Last week, we evaluated the importance of executive presence for gaining your colleagues’ trust and confidence, as well for career advancement. We also examined more specifically what we may be inadvertently communicating to others with just our body language. For those of you who didn’t have a chance to read last week’s article, I know you’re dying to find out what you missed (your body language told me), so you can catch up right here.
In this article, we’ll explore several other qualities that together create the bright and beautiful package of executive presence that you can use to rule the world. MUAHAHAHAHA. (I know, I have a bit of a problem…sorry….)
Preparation. Whether it’s for a meeting, negotiations with the other side, or a panel presentation, it’s hard to appear confident and knowledgeable without sufficient preparation — it’s like that kid in law school who hasn’t read the case and is trying to BS through it. It’s so obvious and nobody’s impressed, kid.
Knowing your substantive points inside out will help you look and feel more comfortable and less anxious when you communicate. Try also to anticipate what questions you may be asked and the best ways to respond. (You know, kind of the opposite of what a certain other “executive” did for a particular debate that was televised oh, I don’t know, last week maybe….)
Words. Communicate with simple and direct words instead of complicated or jargon-y ones. You want people to remember the content of what you said, not the fact that you sounded like an SAT flashcard. And in the work setting, get rid of speech detractors like “um,” “uh,” “right,” “you know,” and “like.” Instead, pause when you find yourself about to use these words — eventually, the pauses will become shorter and shorter.
Delivery. Take your time to speak clearly and deliberately with helpful hand gestures and facial expressions. Change the cadence of your voice frequently to emphasize your points and to keep from boring your audience. Use pauses… effectively.
Workplace Etiquette. Like all etiquette, some proper workplace etiquette involves learning about the particular culture of your workplace. Some work environments are formal and traditional while others are more laid-back and relaxed. And then there’s Google, those showoffs. In general, when it comes to etiquette, show respect and consideration for others, as you’d like them to do for you. When in doubt about what’s considered appropriate, ask.
Calmness under Pressure. I had mentioned in this earlier article that successful executives had been shown to demonstrate low excitability. Companies want their senior peeps to be calm, composed and exercising good judgment in stressful situations. Learn to take deep breaths and take the pencil out of your eye every now and then.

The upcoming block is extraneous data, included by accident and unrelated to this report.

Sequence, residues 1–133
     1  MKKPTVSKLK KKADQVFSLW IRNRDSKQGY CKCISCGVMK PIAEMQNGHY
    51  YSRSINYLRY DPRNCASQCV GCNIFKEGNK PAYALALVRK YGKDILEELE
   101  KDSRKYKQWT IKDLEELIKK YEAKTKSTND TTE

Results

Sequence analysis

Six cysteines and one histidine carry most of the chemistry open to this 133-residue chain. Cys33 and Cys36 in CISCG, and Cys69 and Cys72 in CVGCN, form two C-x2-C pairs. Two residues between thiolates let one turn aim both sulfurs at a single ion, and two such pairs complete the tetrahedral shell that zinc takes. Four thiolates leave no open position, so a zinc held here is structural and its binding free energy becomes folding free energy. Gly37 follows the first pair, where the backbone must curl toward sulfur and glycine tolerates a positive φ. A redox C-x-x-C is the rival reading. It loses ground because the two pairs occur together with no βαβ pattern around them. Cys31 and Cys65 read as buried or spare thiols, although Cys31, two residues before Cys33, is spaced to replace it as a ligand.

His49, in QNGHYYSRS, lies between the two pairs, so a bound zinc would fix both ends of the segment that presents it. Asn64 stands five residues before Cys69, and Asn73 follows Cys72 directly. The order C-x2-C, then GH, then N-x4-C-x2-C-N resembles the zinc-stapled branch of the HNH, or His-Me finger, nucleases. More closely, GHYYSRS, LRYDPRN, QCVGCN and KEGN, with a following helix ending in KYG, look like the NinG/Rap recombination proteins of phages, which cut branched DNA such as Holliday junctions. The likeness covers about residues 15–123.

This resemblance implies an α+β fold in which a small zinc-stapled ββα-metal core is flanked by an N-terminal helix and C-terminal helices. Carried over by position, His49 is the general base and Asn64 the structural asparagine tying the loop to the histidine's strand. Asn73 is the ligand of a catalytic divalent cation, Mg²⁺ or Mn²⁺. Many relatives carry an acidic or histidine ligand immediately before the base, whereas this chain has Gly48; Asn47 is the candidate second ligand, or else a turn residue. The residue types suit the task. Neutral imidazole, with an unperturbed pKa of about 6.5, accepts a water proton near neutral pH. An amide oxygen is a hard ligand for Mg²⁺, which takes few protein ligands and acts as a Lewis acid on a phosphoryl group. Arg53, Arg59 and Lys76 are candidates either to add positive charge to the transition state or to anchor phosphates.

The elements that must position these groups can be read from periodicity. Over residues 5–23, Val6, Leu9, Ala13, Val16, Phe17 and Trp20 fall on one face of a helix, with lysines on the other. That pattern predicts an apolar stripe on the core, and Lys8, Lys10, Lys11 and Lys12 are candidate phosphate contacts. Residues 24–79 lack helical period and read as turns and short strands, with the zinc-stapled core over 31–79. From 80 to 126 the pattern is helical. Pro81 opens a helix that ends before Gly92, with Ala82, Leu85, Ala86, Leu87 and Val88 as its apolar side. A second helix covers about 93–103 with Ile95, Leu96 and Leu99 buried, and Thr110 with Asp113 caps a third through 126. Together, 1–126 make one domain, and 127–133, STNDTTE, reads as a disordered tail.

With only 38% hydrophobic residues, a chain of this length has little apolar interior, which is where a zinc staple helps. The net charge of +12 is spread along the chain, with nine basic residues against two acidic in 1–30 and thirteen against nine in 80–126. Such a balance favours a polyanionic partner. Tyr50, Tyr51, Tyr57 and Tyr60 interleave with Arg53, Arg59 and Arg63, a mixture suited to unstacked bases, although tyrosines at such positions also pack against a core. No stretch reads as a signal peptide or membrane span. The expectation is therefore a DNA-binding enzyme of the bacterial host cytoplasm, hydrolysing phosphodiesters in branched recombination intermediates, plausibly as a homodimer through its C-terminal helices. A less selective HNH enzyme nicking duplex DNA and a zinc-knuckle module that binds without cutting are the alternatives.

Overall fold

Dress and Grooming. There are many articles on men’s and women’s fashion in the workplace. (I particularly like Huma Rashid’s, not for executive presence purposes per se, but her posts are irreverently hilarious.) From an executive presence standpoint, your physical appearance at work should always, always, always be professional. I mean always. Like even on “casual” day — you should be dressed and groomed to look and feel confident and polished.
Character. If you were able to perfect all of the characteristics described above and in my prior article, you could still fail at engaging others and inspiring trust. This is because true leaders have an authenticity of character that drives their work performance and interaction with others. This is the real stuff — the core, my friends. Their character is evident in their passion for their work and constant desire for improvement. They genuinely care about and listen to others. They seek out new ideas and feedback. They’re humble and admit mistakes while giving credit to those around them. And they have the courage to stand firm (or to say “no”) for what they believe. The only people who hate them are the ones who are insanely jealous.
In order to improve your executive presence, develop more of an awareness of yourself (of both your strengths and weaknesses). Start listening to yourself more carefully, look in the mirror, or videotape yourself. Ask for honest feedback from people you trust or go to a coach. Also, observe and learn from others you admire — not just in your work place, but elsewhere, such as in the media, at conferences, and at bar association events (but perhaps not during happy hour). Keep track of examples of what not to do as well.
List your executive presence goals and practice, practice, practice. Take it one step at a time and celebrate your successes, such as, hooray, you made a list! Don’t worry about perfection – you’ll never reach it. Instead, strive for improvement and increased effectiveness as a leader and… *timely pause* …as a person.
Susan Moon is an in-house attorney at a travel and hospitality company. Her opinions are her own and not those of her company or anyone she works with. Susan may share both her own and others’ experiences (especially the experiences of those who have expressly indicated to her that they must not under any circumstances be shared on ATL). You can reach her at [email protected] and follow her on Twitter at @SusanMoon.